In the second section, “The Clinical Approach to the Comatose Patient,” the author describes the etiology, treatment plan, and prognosis for 75 disease states. Vignettes introducing these disease states cover trauma, hemorrhagic, ischemic, infectious, metabolic, endocrine, pharmacologic etiologies and even coma after a Rave party. The group of postoperative “comas” is interesting to anesthesiologists and may be useful to those preparing for board examinations. However, anesthetic overdose as a cause of coma in this day and age is somewhat far-fetched and offers little to an experienced anesthesiologist. Each vignette is preceded by a conversation which is meant to introduce the patient’s coma as if it is a clinical discussion during rounds. I found the conversation to be somewhat distracting and added little to the description of the disease. The cause of coma in each disease is clearly laid out and summarized in a table. The treatment plans are succinct but narrow in their scope, concentrating on the example in the conversation as opposed to giving a treatment plan for all possibilities of the entity.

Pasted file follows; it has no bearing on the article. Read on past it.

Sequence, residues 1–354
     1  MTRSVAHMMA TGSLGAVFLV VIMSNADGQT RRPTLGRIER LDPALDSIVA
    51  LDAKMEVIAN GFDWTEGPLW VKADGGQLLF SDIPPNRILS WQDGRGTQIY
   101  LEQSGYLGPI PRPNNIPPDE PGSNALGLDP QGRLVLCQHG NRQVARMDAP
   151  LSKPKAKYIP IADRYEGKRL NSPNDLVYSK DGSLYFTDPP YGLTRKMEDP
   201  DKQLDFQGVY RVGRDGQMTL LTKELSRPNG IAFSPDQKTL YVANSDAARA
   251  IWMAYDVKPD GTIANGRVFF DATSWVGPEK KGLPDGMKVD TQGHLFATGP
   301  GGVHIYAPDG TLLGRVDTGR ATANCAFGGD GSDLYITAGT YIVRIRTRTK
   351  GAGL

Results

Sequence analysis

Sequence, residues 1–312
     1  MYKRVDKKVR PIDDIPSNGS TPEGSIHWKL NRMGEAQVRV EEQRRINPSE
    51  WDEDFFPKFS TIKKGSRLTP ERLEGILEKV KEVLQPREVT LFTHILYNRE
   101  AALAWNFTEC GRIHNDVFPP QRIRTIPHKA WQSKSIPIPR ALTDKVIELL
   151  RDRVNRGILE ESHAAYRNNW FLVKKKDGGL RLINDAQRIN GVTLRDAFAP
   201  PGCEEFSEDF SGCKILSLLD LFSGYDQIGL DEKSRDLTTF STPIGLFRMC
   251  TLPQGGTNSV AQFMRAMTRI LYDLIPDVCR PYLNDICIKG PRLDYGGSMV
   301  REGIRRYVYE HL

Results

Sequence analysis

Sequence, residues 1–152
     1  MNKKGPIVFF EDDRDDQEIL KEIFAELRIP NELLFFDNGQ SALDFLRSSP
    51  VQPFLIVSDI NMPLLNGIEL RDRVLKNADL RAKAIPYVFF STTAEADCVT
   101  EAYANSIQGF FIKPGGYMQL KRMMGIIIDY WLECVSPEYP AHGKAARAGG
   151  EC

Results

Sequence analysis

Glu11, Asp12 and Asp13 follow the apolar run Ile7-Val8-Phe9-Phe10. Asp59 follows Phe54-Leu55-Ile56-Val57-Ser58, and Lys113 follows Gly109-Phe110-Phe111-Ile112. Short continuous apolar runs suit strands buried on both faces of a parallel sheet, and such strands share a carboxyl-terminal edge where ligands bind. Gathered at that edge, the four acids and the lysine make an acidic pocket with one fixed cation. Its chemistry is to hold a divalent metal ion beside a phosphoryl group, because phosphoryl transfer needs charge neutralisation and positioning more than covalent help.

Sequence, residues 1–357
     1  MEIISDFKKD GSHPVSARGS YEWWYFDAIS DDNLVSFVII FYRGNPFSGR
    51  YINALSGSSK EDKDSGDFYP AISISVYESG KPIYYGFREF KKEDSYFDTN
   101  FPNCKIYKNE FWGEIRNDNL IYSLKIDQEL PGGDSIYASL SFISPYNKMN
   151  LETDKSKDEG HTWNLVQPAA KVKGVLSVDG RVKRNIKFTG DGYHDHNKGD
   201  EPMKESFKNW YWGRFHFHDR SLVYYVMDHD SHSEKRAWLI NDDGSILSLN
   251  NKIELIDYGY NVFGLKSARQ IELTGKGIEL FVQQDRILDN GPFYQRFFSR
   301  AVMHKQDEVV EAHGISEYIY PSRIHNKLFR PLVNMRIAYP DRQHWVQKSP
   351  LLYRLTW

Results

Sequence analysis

The Glasgow Coma Score, introduced in 1974, has been the standard against which all newer scales are judged. It has maintained its prominence in this regard due to its simplicity, correlation to prognosis, the speed it can be performed and the information derived, despite shortcomings of its gross exam and the inability to perform one section of the scale because of intubation. The FOUR Score developed by Dr. Wijdicks has four components (eye response, motor response, brainstem reflexes and respiration) graded on a scale of 0 to 4. The score is more complex than the Glasgow Coma Score, requiring more maneuvers to perform, but it enables the examiner to localize the cause of coma. The Four Score admittedly has advantages over the Glasgow Coma Scale, but it will not become a standard until more data are collected regarding its correlation to prognosis in different disease states so that it can be compared to the Glasgow Coma Scale.
The DVD has five chapters: Instruction of the FOUR Score, Selected Neurologic Findings in Comatose Patients, Seizures and Pseudoseizures, States of Impaired Consciousness, and Clinical Diagnosis of Brain Death. The clinical examples seen on the DVD are excellent teaching tools for showing such pathologic findings as abnormal breathing patterns and eye movements seen in coma. The eye movements seen during cold caloric testing are well depicted. The Clinical Diagnosis of Brain Death and the included performance of the apnea test is an excellent clinical reference.
Coma is not a simple event defined by a specific anatomical or chemical change–it is a complex disease that differs from lesion to lesion. “The Comatose Patient” is an excellent reference for the many types of coma one encounters, even esoteric ones, and belongs in every intensive care unit that cares for patients with neurologic disease.
University of Maryland School of Medicine, Baltimore, Maryland. email@example.com